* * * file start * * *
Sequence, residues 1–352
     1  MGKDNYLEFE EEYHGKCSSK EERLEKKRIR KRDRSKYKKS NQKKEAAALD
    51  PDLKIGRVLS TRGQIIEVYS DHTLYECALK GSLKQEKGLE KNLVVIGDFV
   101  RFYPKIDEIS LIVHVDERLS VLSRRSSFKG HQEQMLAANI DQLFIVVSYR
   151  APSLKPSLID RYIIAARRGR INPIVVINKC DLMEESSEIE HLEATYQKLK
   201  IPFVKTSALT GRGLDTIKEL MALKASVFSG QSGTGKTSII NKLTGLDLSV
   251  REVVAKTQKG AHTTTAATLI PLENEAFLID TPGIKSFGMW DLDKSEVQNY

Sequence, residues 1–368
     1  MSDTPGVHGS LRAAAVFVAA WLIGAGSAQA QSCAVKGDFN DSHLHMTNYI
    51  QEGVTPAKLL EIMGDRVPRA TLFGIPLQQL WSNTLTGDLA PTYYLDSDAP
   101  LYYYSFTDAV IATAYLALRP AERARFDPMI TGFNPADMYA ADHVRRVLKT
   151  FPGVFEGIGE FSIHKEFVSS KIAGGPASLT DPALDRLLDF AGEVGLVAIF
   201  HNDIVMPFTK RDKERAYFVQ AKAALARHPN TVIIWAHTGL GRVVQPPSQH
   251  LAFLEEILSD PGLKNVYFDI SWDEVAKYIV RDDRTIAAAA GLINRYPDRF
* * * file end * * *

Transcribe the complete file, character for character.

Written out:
Sequence, residues 1–352
     1  MGKDNYLEFE EEYHGKCSSK EERLEKKRIR KRDRSKYKKS NQKKEAAALD
    51  PDLKIGRVLS TRGQIIEVYS DHTLYECALK GSLKQEKGLE KNLVVIGDFV
   101  RFYPKIDEIS LIVHVDERLS VLSRRSSFKG HQEQMLAANI DQLFIVVSYR
   151  APSLKPSLID RYIIAARRGR INPIVVINKC DLMEESSEIE HLEATYQKLK
   201  IPFVKTSALT GRGLDTIKEL MALKASVFSG QSGTGKTSII NKLTGLDLSV
   251  REVVAKTQKG AHTTTAATLI PLENEAFLID TPGIKSFGMW DLDKSEVQNY

Sequence, residues 1–368
     1  MSDTPGVHGS LRAAAVFVAA WLIGAGSAQA QSCAVKGDFN DSHLHMTNYI
    51  QEGVTPAKLL EIMGDRVPRA TLFGIPLQQL WSNTLTGDLA PTYYLDSDAP
   101  LYYYSFTDAV IATAYLALRP AERARFDPMI TGFNPADMYA ADHVRRVLKT
   151  FPGVFEGIGE FSIHKEFVSS KIAGGPASLT DPALDRLLDF AGEVGLVAIF
   201  HNDIVMPFTK RDKERAYFVQ AKAALARHPN TVIIWAHTGL GRVVQPPSQH
   251  LAFLEEILSD PGLKNVYFDI SWDEVAKYIV RDDRTIAAAA GLINRYPDRF